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June 1981

Asymptomatic Intracerebral Hematoma as an Incidental Finding

Author Affiliations

From the Department of Neurology and Center for Brain Research, University of Rochester School of Medicine and Dentistry, Rochester, NY.

Arch Neurol. 1981;38(6):396. doi:10.1001/archneur.1981.00510060098026

Tntracerebral hemorrhage is being diagnosed with increasing frequency in less severely ill "stroke" patients.1-3 An unexpected basal ganglia hemorrhage was diagnosed by computed tomographic (CT) scan in an asymptomatic 59-year-old woman. The scan was obtained as part of the diagnostic evaluation of a seizure disorder of 18 years' duration. This further expands the clinical spectrum of intracerebral hematoma.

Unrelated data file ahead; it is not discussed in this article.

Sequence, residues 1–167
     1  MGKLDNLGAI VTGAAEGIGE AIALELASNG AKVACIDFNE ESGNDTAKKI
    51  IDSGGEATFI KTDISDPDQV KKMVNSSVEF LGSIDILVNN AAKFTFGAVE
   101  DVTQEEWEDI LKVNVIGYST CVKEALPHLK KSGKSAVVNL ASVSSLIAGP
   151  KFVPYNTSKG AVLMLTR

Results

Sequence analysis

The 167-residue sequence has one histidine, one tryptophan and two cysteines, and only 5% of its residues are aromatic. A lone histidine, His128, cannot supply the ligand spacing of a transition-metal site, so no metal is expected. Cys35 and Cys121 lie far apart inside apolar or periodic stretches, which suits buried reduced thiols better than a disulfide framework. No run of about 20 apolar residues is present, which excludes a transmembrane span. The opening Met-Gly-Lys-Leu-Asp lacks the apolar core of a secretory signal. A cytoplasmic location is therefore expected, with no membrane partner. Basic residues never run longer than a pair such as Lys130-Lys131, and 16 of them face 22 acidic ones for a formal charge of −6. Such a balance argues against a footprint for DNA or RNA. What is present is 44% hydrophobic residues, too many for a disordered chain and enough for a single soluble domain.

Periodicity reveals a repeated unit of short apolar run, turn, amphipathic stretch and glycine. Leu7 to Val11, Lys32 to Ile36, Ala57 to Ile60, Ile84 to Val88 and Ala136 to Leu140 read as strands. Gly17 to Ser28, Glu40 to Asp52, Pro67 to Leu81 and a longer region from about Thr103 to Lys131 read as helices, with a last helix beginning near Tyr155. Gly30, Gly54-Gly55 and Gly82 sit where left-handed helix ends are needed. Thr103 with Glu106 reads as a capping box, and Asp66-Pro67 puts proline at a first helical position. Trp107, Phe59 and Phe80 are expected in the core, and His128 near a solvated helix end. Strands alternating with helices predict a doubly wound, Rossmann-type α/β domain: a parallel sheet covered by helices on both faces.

REPORT OF A CASE  A 59-year-old right-handed woman came to the Strong Memorial Hospital Neurology Clinic, Rochester, NY, in January 1978 for evaluation of a seizure disorder. Her seizures began at age 41 years and were of the partial-complex type, with alteration of consciousness and motor automatisms. Seizures were controlled with phenytoin sodium, phenobarbital, and primidone. Several EEGs showed paroxysmal bitemporal slowing. She had a long history of treated hypertension, chronic renal failure, adequately treated syphilis (with a negative CSF VDRL), severe degenerative joint disease, and marked obesity.In searching

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